Movie Review: Flightplan (2005)

Flightplan (2005) was nothing very special. I really like Jodie Foster and Peter Saarsgard, but they couldn't save this movie from two huge problems: first, the plot is totally impossible to accept, and second, there's a jarring transition when "everything is finally revealed".

SPOILERS to follow.

The opening sequence sets a wonderfully moody tone. It's disoriented and dark, presumably just like Kyle Pratt's mind at the time. Her husband has just died, apparently having jumped off the roof of their Berlin home. She's preparing to take her daughter Julia and her husband's body back to New York.

The trailers set you up for watching the kid especially carefully during the opening sequences - you know that at some point people are going to question whether the kid ever got on the plane, so you watch it carefully. People notice cute little kids, so it's kind of wierd that this one disappears so easily. Of course, they don't show the actual moment Kyle boards the plane with here daughter Julia. This was annoying to me. The movie is careful to establish that Julia is scared, withdrawn, and so not likely to make spontaneous friends on the plane.

Despite this, Julia goes missing about 3 hours into the flight, Kyle is distraught, and the skeptical but professionally kind crew (led by the wonderful Sean Bean, who doesn't get enough good guy roles IMHO) search the ship. In addition, one of the crew phones the departure point and says Julia never got on board. In the final straw, the manifest reads that both her husband and daughter died in Berlin.

So far, this is good stuff. As the viewer, you can't be sure that you've just watched an hallucination (a la "The Sixth Sense"). So my critical watching was split into "look for clues that she's really crazy" and "look for clues as to who is setting her up and why".

The latter was pretty easy to do - the crew member who checked with departure for the manifest would obviously have to be in on it. The one who saw Kyle and Julia board could be in on it. The captain was offered as an obvious red herring. I thought that Saarsgard was an obvious choice too, since he as an air marshal surely would have seen the kid if she was really there. I dismissed that as too obvious. Silly me.

Which only left the issue of motive out of the equation. Why make Jodie Foster feel crazy? The only motive that made sense was to provide an excuse to access parts of the plane.

Turns out that it was all a complex hijacking plan involving Saarsgard and a flight-attendant (the one who called the departure gate and the one who checked a particular part of the plane for the girl - ha! I knew it!). It also turns out that Kyle's husband was murdered, and not a suicide. To top it all off Kyle was going to be framed for the hijacking, at least long enough for the real bad guys to abscond with the dough.

This plan is so hairbrained that any viewer can be forgiven for not seeing it. First of all, how did Saarsgard guarantee that the kid wasn't seen by anyone else boarding the plan and on the plane? Admittedly, perhaps that was just an added bonus that he captialized on. Ok. If so, why risk it all to have your cohort lie about the departure terminal's records? Why did they change the manifest to show 2 bodies in the hold? How did they finagle it so that only their people checked the section the kid was stashed in? Why didn't Saarsgard kill the kid rather than just sedating her (there was no outcome where the kid would have been left alive)? Why did they even need an engineer for their scheme (if anything, this was more risky since she was more able than the averadge joe to actually find the kid)? Surely the abduction of any kid would trigger a search, which would allow access to parts of the plane. How was the explosive smuggled in on the coffin? Sure, they don't X-ray 'em but they sure do sniff 'em for explosives. If he could successfully smuggle C4 onboard, why not just detonate it in the coffin?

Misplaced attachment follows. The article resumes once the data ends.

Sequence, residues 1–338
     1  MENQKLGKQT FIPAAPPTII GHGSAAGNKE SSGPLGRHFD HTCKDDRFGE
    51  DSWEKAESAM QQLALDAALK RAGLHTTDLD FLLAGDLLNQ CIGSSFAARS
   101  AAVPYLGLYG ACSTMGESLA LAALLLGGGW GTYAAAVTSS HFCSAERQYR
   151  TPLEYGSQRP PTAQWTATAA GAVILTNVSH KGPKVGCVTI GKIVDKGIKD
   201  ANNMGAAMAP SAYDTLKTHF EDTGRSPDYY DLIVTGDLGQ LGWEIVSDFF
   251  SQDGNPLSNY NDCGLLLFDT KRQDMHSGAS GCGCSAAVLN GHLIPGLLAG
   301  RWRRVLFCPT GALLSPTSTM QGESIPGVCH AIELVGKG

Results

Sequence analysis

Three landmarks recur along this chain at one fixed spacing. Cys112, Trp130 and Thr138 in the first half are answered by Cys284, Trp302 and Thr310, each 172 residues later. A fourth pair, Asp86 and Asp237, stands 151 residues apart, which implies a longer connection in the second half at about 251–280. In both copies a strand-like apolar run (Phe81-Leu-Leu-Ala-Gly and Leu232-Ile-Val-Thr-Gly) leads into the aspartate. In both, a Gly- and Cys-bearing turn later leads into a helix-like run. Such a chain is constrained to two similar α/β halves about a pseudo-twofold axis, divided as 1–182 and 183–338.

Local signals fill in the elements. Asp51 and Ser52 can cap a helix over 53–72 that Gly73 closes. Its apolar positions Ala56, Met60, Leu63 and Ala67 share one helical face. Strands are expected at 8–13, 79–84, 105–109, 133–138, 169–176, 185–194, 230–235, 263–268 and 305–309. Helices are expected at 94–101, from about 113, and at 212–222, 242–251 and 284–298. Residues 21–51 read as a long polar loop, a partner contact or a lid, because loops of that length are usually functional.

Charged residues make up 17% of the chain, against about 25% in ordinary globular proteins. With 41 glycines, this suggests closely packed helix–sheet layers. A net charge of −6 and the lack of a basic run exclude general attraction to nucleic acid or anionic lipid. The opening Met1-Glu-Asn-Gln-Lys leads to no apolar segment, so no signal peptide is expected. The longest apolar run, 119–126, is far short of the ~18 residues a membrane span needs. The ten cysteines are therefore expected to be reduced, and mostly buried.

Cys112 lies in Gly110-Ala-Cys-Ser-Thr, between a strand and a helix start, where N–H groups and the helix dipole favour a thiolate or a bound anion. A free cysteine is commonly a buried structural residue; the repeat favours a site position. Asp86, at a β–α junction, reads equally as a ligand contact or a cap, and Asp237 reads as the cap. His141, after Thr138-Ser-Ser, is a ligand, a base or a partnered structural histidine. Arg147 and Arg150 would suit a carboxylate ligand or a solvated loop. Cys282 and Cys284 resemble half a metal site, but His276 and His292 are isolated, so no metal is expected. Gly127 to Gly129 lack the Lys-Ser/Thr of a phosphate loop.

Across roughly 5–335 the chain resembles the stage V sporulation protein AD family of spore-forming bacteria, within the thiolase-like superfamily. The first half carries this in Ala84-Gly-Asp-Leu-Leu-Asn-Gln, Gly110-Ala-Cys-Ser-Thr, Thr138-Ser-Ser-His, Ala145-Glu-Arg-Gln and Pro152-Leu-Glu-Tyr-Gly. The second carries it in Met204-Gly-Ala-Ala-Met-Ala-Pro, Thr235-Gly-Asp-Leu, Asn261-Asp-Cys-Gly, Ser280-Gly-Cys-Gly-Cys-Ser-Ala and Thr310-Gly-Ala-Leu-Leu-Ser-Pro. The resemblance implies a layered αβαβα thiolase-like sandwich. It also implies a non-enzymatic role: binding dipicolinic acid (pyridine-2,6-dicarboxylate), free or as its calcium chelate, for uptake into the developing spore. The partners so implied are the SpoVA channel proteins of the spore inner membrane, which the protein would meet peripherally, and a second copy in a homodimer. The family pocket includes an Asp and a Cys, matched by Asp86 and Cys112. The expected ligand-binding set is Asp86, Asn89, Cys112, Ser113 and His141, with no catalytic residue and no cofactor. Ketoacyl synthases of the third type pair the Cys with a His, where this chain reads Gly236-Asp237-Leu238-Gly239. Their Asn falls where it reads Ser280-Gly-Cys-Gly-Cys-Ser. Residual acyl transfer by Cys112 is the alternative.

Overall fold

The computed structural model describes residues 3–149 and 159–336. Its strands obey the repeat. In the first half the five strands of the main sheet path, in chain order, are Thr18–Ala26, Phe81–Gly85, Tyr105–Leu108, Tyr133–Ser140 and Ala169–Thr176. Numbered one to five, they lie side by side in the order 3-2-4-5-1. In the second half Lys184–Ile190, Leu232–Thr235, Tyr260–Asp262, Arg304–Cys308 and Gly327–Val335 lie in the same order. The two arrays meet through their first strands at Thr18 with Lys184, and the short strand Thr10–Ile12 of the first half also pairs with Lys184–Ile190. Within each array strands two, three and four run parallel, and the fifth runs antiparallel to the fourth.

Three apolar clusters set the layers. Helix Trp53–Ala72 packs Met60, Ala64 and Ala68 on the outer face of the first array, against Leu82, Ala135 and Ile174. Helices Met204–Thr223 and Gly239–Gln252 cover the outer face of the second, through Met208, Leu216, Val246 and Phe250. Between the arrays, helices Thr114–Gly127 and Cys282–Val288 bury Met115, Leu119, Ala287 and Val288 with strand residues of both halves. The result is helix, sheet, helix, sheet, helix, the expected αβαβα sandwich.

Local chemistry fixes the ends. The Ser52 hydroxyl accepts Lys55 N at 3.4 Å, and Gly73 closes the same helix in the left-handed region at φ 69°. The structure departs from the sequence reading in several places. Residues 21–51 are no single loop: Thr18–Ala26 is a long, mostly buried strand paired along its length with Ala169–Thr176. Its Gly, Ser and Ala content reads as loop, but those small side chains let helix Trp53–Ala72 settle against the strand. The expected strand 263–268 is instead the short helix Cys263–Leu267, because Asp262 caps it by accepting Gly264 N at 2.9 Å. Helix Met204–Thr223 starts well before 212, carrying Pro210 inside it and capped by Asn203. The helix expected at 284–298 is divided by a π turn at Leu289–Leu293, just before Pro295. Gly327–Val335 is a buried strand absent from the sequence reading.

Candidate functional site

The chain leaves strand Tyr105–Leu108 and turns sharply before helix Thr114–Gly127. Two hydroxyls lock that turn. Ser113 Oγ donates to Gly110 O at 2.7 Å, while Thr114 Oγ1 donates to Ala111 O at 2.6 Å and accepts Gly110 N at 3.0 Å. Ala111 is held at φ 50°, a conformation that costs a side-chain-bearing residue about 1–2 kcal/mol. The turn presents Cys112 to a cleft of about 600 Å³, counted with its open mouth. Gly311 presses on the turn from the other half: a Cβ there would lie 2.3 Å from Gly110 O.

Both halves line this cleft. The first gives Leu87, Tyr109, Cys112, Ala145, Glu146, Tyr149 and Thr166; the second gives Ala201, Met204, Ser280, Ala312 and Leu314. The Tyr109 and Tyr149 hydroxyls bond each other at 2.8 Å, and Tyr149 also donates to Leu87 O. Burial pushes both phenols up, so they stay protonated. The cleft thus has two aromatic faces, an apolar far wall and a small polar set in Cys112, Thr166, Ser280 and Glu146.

The plot is ridiculous. It would have been a much better movie if the bad guy (no longer an air marshal) had spiked Foster's drink with a psychoactive drug at some point, and *really* made her doubt her sanity. And perhaps his motive could be to steal trade secrets off of the plane. Or steal a doodad from the hold, which only an altered, maleable Foster could get access to. Remove the bit about the husband being murdered, and just say that the bad guy saw an oppurtunity and took it. Or maybe to lure the captain out of the flight deck to slip him the secret command that had been hidden in his psyche for years.

Here's another idea - turn Saarsgard into a good guy trying to rescue a prisoner being transported in Kyle's husband's casket in an attempt to uncover an ongoing program used by the CIA to move prisoners around the world unnoticed in other people's coffins. He's been waiting for an oppurtunity, and Kylie was it. But he couldn't risk telling her the truth, so he created the kid crisis. Partly this would be useful in uncovering the (evil) CIA operatives on board willing to stop the coffin from being opened with their lives. Heck, he could still have the help. Add a few more precautions (like a private cabin for the greiving family?) and you have yourself a believable movie.

*That* story would really use the strengths of Flightplan, as well as introduce a few more juicy twists (in particular that Saarsgard would look like a good guy turned bad guy turned good guy - and then, depending on your opinion of how far the CIA should be allowed to go in the war on terror, into a bad guy again).

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